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20 March 2008 Edition

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Media View

Being an artist doesn’t give a licence to exploit

I HAVE FOUND the Cathal Ó Searcaigh case most disturbing, not for the RTÉ documentary itself but for the baffling enthusiasm with which some of the country’s artists and ‘intellectuals’ have rallied round the poet.
In a letter to The Irish Times before the documentary had aired, a number of them said:
“Whatever statements or intentions are professed by the film-makers or RTÉ, some people may use this documentary to incite hatred against homosexuals. Had this documentary been attempted regarding a comparable heterosexual context, it would simply be a non-story.”
It’s a unique combination of absolute nonsense (anyone who thinks the show wouldn’t have been as big a deal with a heterosexual artist hasn’t been reading newspapers or watching TV for at least a decade), and it’s also a sly suggestion that homosexuals, rather than being treated equally, should be given some sort of special, protected status in Irish society where valid criticisms cannot be made for fear of inciting homophobia.
But the thing is, this isn’t about  Ó Searcaigh’s homosexuality. For sheer common sense it’s difficult to beat the reply from Claire Duignan of RTÉ in Friday’s Times.
“RTÉ rejects the accusation that this film is either homophobic or engages in stereotypical representation. The film is not about homosexuality... The film is about disparity of power and the sexual exploitation that took place within those unequal relationships.”
Being an artist doesn’t give you a licence to wander around the developing world as a sex tourist exploiting teenagers.
Well done, RTÉ. It’s always nice to see the public service broadcaster occasionally rise up on its hind legs and do something gutsy, if only for the novelty of it.

TRUER to RTÉ form however was the Prime Time TV interview last Thursday night with Gerard Hutch, whom the Sunday World refers to as ‘The Monk’. The whole exercise baffled me at the beginning. For a time it was hard to figure out why Hutch, who the gardaí claim to have been responsible for two of the biggest armed robberies in Irish history, was willing to be interviewed by Paul Reynolds.
Did he really expect the explanations for the Criminal Assets Bureau judgement of in excess of €2 million against him to win him the respectability Reynolds claims he was after? Did RTÉ think that, under Reynolds’s questioning, Hutch would break down and confess to the robberies on national television? Or was it just a cheap ratings exercise? The real message of the piece, however, came from two of the gardaí, one now retired, who had interviewed Hutch, both of whom blamed the right to silence for their failures to apprehend him.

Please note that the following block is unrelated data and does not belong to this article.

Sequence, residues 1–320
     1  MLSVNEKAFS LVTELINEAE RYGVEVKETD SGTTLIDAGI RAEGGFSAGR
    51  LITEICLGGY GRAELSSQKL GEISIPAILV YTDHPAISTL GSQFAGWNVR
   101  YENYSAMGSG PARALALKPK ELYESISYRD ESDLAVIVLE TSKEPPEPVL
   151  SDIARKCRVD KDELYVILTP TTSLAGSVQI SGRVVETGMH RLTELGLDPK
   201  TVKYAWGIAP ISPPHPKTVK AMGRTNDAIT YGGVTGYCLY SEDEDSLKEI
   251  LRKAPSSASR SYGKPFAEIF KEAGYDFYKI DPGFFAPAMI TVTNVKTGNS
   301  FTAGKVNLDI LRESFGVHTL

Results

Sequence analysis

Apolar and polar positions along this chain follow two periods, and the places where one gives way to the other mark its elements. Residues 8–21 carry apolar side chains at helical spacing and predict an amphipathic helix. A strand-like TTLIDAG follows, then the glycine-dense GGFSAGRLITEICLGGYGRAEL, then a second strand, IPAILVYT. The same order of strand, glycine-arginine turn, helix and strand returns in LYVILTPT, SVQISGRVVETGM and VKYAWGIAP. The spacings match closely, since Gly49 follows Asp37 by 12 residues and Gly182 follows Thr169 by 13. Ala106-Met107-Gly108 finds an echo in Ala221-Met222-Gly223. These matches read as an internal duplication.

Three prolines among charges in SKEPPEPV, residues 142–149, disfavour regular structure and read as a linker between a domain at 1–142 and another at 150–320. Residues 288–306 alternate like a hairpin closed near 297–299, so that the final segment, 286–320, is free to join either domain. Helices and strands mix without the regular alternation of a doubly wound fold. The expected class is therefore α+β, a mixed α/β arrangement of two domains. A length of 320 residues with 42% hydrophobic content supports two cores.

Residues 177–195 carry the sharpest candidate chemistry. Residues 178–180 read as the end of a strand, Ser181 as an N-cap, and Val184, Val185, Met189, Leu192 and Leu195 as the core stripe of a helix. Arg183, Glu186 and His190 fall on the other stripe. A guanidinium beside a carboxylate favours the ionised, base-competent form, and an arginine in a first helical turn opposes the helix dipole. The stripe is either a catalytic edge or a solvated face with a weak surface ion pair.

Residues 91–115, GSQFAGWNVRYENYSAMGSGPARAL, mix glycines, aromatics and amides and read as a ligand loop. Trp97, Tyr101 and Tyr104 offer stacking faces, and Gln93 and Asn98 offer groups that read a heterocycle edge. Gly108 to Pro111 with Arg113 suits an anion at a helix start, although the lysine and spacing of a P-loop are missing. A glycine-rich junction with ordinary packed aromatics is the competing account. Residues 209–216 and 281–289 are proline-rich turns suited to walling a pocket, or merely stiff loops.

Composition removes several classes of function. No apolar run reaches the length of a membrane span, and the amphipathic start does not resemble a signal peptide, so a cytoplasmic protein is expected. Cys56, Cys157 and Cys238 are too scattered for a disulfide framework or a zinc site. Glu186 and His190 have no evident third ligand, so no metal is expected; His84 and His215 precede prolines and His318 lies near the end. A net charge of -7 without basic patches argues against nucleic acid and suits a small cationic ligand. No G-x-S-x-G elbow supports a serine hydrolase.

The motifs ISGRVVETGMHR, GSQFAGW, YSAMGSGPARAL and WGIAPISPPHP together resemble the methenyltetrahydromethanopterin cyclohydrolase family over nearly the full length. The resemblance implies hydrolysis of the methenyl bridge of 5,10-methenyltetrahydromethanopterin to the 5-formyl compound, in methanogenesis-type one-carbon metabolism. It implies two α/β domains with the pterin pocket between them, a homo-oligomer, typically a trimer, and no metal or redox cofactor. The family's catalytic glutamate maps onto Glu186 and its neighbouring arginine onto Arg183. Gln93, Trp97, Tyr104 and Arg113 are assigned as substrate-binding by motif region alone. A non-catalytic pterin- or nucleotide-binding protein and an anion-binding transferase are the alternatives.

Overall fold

Coupled with Reynolds’s strongly making the point that Hutch is guilty – despite the failure of the Gardai to convict him – the impression the casual viewer would be left with is that Hutch and his associates get away with their alleged crimes because suspected criminals have too many rights.
It’s an argument that’s dangerous in its simplicity. And considering the track record of the Garda in framing people and abusing the trust of the people they are supposed to protect, it will be dangerous in practice as well.

ACCORDING to reports in the European press, some MEPs have been diverting money intended for their assistants into their own pockets by claiming for more assistants than they actually have, or even when they don’t employ any at all!
The response of the European Parliament has been to launch an immediate, independent, far-reaching investigation of corruption. Or, as Pat Leahy in the Sunday Business Post puts it:
“Characteristically, the parliament has attempted to cover it up, reserving its threats of sanctions for those would reveal details of the scandal, rather than for those guilty of stealing from the European taxpayer.
“Although individual MEPs are not identified in the auditor’s report, the parliament has refused to release it.
“Only members of the Budget Committee who signed a confidentiality agreement were allowed to read the report, which is kept under lock and key in a room whose location has not been disclosed – the buried report in the secret room.”
The buried report in the secret room. Almost as hard to get hold of as a copy of the Lisbon Treaty.
Puts the ‘Don’t bother reading it, just trust us’ approach of the ‘Yes’ side to the Lisbon Treaty in the proper perspective. A few more articles giving an honest, critical look at the European Union wouldn’t go amiss in the next few months.

THE REDESIGN of the Irish Times has resulted in an improved, clearer lay-out and all-round better design but the most enjoyable part of the new look for me has been the Monday picture supplement, The Gallery. Published by the paper’s Picture Editor, Peter Thursfield, it’s one of the few opportunities for quality picture journalism in Ireland.
Last Monday’s cover photo and two-page spread to mark the fifth anniversary of the US invasion of Iraq, along with a stunning centrespread from the Cashel Skyfest, were the highlights of what is one of the first positive changes in the Times as it has dashed to the right over the last few years under the editorship of failed PD Dáil candidate Geraldine Kennedy.

An Phoblacht
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